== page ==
At a later date Juniper acknowledged that their products were also targeted by the group due to the information found within the files that were disclosed. They have since determined that while the code does target their ScreenOS it cannot be used for a remote attack.

How Can I Protect Myself From These Issues?
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Cisco
The relevant Cisco security advisories are available from the following links (further fixes are also expected):

Cisco Adaptive Security Appliance SNMP Remote Code Execution Vulnerability (patch available)

Cisco Adaptive Security Appliance CLI Remote Code Execution Vulnerability (patch available)

Cisco provides further security recommendations within their dedicated blog post of these vulnerability disclosures that is being updated as new patches are being made available.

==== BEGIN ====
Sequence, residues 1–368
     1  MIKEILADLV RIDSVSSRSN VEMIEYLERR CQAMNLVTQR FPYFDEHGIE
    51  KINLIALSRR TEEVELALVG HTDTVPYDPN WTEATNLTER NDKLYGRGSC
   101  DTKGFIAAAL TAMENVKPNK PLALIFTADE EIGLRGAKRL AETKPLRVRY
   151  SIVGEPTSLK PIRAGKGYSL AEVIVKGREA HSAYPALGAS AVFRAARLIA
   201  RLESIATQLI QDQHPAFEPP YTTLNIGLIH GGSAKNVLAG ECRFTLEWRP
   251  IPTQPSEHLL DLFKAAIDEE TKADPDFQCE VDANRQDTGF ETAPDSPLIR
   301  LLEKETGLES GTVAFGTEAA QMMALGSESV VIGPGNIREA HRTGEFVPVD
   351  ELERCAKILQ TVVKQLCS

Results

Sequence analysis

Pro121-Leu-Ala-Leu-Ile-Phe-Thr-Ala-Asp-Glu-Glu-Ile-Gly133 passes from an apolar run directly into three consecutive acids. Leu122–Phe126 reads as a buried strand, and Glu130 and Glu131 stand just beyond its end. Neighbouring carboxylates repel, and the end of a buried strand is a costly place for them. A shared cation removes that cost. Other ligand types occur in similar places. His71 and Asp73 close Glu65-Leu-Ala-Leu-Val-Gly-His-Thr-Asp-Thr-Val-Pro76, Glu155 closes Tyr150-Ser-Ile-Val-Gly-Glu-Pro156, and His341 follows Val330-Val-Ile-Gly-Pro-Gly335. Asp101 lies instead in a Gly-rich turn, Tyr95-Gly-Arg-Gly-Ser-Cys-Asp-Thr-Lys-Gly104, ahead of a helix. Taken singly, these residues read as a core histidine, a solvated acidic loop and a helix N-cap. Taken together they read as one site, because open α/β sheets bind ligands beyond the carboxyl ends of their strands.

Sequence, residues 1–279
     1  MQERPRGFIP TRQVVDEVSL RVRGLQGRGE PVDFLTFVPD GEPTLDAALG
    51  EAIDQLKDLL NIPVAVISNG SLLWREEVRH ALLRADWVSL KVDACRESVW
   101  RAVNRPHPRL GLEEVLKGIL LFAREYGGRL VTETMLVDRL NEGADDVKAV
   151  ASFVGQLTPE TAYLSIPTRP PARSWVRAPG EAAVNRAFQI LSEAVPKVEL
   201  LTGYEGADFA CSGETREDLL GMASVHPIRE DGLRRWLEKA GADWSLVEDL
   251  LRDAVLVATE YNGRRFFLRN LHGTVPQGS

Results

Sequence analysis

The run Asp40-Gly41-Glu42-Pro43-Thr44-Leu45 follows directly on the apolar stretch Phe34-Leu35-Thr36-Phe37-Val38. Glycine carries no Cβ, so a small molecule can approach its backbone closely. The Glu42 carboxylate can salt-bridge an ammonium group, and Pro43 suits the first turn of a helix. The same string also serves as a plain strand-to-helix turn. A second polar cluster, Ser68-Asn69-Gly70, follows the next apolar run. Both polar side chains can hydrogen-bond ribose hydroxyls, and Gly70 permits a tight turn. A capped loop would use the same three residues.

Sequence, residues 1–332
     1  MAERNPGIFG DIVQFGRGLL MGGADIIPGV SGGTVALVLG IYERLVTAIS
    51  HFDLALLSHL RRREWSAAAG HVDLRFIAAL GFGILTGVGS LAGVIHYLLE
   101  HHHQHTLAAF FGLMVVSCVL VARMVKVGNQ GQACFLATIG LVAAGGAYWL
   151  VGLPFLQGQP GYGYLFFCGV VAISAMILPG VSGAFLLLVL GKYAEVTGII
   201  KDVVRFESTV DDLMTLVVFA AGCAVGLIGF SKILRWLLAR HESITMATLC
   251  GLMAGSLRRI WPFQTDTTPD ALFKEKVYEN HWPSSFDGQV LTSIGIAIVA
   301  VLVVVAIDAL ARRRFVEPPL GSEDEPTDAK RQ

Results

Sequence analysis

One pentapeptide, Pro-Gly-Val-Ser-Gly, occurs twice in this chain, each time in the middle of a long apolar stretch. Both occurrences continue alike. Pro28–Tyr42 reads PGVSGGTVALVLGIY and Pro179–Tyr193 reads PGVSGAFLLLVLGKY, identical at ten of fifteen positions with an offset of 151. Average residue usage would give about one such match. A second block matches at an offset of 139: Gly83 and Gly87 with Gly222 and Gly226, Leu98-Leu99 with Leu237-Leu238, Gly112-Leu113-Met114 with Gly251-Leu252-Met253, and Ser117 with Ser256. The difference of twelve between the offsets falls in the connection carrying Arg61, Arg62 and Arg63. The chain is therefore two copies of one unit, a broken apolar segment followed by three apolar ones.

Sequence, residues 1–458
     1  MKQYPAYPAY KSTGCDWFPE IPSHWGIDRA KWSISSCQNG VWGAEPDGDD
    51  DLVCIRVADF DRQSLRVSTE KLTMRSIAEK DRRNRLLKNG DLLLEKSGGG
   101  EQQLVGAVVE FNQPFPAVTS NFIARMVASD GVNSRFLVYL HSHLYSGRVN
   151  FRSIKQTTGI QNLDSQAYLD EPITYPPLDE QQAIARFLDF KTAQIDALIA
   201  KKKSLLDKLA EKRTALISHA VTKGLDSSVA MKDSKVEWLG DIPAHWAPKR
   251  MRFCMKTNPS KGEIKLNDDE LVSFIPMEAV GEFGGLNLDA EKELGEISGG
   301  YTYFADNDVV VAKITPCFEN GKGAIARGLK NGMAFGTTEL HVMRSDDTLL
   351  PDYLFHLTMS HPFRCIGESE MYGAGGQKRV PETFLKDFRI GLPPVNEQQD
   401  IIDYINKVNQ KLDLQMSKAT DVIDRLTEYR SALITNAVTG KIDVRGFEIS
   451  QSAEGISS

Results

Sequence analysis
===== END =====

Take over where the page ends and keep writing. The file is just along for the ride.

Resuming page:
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Fortinet
A security advisory for the affected Fortinet devices with suggested upgrades detailed within.
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Juniper
As mentioned above Juniper devices are affected but are not remotely exploitable. They continuing to work on a possible means to tell if malicious code has been installed on devices created by them. More information is available within their dedicated forum post.
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I hope that the above information is useful to you in defending your corporate networks against these disclosed vulnerabilities.

Thank you.

Cisco Releases Large Group of Security Advisories

On Wednesday of last week Cisco issued five security advisories addressing 1x critical vulnerability and 4x high severity vulnerabilities.

Why Should This Issue Be Considered Important?